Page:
Fluorescent lamps are a common sight in a wide range of commercial applications. Basically, it is a low pressure tube filled with an inert gas and mercury. When electricity is passed through the electrodes, electrons stimulate the mercury atom to release UV light. This UV light causes the phosphor coating to “fluoresce”, creating the white glow that we are familiar with.

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Fluorescent lighting quickly took over incandescent lighting as the dominant light source in the 1950s. Incandescent lights create illumination by “incandescence”; an electric current is run through a filament until it glows with heat. This is highly inefficient since most of the energy consumed is to create heat, not light. Furthermore, the high running temperatures drastically limit bulb life.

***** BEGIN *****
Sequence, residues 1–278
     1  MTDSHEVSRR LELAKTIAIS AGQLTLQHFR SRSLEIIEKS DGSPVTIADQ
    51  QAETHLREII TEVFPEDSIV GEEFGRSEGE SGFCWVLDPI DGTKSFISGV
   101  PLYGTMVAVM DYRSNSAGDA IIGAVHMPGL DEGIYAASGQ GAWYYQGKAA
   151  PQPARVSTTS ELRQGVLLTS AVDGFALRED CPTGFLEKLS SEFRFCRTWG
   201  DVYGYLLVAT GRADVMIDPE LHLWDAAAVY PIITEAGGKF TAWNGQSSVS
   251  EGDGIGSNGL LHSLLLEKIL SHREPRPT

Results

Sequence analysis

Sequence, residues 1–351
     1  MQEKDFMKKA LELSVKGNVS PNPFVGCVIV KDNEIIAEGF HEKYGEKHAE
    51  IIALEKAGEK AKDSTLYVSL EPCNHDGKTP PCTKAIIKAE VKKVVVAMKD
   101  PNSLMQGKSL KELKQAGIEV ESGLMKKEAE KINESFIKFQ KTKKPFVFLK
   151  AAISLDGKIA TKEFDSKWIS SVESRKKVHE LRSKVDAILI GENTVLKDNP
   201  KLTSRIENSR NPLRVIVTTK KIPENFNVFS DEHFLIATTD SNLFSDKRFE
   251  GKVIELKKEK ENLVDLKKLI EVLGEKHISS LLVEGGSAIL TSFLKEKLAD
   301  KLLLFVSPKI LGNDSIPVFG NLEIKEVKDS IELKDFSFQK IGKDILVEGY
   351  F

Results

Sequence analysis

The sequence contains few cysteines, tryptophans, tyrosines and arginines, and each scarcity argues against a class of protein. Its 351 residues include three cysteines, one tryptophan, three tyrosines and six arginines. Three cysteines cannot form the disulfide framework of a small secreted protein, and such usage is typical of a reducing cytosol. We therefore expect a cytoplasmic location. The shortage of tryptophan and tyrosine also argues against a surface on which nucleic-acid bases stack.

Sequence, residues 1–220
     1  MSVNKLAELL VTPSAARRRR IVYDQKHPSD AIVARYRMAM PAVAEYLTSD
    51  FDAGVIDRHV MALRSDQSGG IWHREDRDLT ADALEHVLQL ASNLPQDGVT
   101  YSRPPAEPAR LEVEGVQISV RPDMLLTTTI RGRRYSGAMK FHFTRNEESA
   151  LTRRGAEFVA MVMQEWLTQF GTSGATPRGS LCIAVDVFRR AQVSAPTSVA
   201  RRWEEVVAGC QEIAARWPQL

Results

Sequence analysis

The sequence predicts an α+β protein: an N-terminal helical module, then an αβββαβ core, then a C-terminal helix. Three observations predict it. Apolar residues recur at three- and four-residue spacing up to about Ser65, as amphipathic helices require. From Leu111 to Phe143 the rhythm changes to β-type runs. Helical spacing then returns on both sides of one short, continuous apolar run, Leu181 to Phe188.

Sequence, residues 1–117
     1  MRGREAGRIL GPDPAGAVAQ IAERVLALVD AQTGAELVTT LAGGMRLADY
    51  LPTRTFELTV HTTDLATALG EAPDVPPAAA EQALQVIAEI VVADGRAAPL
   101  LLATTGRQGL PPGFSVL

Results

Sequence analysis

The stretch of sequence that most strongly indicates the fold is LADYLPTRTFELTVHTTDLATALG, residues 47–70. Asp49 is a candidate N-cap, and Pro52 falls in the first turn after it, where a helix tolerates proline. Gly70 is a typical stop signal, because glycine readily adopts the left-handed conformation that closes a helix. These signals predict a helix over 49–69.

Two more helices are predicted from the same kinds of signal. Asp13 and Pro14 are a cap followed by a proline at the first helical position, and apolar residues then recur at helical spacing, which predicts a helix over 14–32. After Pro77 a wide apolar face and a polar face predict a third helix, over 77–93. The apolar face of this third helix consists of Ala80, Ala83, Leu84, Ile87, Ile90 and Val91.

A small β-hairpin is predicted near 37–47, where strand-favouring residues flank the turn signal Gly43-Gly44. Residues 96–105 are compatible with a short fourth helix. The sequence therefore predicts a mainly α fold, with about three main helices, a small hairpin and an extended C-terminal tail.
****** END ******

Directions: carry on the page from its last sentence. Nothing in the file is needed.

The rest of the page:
Since fluorescence does not rely on heat to create illumination, fluorescent lights can have up to 20 times the working life of incandescent light bulbs. However, they still rely on an electrode/filament system which is prone to mechanical failure throughout the lifetime of the lamp. Each time the lamp is lit, the electrode degrades slightly. Fluorescent lamps will dim gradually from the moment installed until it reaches the end of its lamp life, which is indicated by flickering and unacceptable light output. Since the degradation is gradual, it is often very difficult to compare brightness unless an old and new lamp is placed side by side.